Will the mysterious Nextbit be the next big thing in mobile?


As technology enthusiasts, we’re always looking for the next big thing. Sometimes it will arrive from out the blue to surprise us, while other times we’re able to get it on our radar early and follow its development. One that’s getting a lot of attention this week is an upstart called Nextbit, due both to the pedigree of its employees, and the $18 million in funding it was just able to put together. But there’s one big question hanging over Nextbit: just what does it do?

Here’s what we know: Nextbit was founded by Tom Moss, who has served two separate stints at Google, and the team he’s put together so far includes Android and iOS specialists, as well as people from companies with experience doing cloud storage and online retail. The sparse copy available on Nextbit’s website talks of lofty goals, “groundbreaking technology,” and tackling “crazy complex problems by architecting elegant solutions.”

We know it’s something mobile, and it sure sounds like it could be big, but the specifics seem to elude everyone so far. Moss talks about how the wireless space is still in its “Apple IIe days,” in a subtle dig on current players while setting some pretty high expectations for what Nextbit might deliver.

A whole new platform might be a little ambitious for a 14-person team (or maybe not), but what else could Nextbit be up to? We haven’t the foggiest just yet, but if this hype is any indication, we’ll be hearing about Nextbit again soon, and hopefully with some real details about what it’s working on. If you’ve got any theories, shout ’em out in the comments.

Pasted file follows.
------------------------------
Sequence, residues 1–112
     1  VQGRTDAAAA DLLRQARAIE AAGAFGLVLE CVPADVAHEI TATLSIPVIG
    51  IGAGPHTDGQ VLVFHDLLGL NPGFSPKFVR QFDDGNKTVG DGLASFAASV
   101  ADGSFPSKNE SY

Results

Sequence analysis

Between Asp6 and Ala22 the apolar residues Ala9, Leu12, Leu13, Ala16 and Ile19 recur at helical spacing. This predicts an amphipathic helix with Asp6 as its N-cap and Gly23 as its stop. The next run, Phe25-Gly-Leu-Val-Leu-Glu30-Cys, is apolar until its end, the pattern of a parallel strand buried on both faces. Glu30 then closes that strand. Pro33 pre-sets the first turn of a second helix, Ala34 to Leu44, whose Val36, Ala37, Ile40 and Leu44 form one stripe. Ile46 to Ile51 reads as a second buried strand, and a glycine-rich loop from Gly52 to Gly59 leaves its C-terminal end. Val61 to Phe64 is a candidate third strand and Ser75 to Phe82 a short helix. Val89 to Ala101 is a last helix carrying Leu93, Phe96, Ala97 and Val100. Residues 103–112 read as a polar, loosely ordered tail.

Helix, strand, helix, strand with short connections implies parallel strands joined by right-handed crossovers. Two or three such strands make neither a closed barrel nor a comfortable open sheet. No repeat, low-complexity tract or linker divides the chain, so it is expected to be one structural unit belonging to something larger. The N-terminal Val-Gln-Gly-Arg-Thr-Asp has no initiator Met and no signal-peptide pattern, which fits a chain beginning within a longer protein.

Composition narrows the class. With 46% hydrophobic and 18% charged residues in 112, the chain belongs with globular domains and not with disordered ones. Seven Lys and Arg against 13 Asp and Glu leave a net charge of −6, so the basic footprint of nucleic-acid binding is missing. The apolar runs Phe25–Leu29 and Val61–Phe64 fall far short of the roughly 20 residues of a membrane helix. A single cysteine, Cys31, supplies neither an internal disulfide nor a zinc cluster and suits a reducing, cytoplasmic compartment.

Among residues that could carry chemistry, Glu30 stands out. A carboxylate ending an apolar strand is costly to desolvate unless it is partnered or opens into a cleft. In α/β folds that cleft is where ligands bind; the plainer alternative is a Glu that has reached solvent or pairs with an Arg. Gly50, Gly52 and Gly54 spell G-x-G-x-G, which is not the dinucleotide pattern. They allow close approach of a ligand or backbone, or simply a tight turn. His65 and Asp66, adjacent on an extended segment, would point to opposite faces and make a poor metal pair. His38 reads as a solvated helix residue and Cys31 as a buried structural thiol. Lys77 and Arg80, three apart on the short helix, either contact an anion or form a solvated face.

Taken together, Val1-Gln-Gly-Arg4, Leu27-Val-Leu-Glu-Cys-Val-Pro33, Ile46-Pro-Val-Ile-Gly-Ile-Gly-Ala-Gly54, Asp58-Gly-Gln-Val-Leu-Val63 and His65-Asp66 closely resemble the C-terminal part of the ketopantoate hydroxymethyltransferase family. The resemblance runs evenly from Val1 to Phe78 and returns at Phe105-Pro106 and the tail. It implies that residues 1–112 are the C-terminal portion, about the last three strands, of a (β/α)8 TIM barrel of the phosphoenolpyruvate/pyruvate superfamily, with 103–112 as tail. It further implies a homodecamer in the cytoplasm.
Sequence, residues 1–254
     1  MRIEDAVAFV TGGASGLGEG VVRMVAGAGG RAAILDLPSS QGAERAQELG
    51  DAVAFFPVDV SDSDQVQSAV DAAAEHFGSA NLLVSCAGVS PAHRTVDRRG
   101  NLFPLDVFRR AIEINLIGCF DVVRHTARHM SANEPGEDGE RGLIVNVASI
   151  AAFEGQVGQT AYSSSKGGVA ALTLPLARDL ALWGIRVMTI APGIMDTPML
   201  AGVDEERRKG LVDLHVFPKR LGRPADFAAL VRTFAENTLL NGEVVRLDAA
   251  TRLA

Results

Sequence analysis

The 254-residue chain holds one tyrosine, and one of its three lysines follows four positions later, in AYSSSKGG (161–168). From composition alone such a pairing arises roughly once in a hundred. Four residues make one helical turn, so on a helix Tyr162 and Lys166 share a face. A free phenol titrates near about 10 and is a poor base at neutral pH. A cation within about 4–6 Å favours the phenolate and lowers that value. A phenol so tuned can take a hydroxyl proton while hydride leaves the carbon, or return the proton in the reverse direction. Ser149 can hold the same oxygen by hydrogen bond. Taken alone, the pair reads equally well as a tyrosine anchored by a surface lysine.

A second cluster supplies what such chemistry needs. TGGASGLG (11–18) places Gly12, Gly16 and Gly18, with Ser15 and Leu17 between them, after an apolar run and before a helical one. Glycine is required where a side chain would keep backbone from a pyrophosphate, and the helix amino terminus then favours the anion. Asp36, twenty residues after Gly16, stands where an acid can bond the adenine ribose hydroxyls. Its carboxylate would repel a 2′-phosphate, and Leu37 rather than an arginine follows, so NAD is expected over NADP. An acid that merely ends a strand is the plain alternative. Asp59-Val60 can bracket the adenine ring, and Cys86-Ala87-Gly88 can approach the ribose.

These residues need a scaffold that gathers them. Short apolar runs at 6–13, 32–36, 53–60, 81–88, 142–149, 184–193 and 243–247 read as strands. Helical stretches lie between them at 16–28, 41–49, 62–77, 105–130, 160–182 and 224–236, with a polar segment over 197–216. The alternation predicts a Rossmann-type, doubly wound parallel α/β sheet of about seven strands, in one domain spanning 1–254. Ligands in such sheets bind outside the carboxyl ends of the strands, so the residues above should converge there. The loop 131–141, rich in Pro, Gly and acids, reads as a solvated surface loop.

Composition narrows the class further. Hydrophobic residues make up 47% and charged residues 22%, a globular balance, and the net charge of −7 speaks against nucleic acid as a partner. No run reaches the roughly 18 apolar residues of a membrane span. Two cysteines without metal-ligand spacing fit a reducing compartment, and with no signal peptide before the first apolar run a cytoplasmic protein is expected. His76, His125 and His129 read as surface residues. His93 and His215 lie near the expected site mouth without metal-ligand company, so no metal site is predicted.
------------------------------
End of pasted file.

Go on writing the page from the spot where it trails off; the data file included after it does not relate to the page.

Source: Re/code
Via: BGR

Share This Post
What's your reaction?
Love It
Like It
Want It
Had It
Hated It
About The Author
Stephen Schenck
Stephen has been writing about electronics since 2008, which only serves to frustrate him that he waited so long to combine his love of gadgets and his degree in writing. In his spare time, he collects console and arcade game hardware, is a motorcycle enthusiast, and enjoys trapping blue crabs. Stephen's first mobile device was a 624 MHz Dell Axim X30, which he's convinced is still a viable platform. Stephen longs for a market where phones are sold independently of service, and bandwidth is cheap and plentiful; he's not holding his breath. In the meantime, he devours smartphone news and tries to sort out the juicy bits Read more about Stephen Schenck!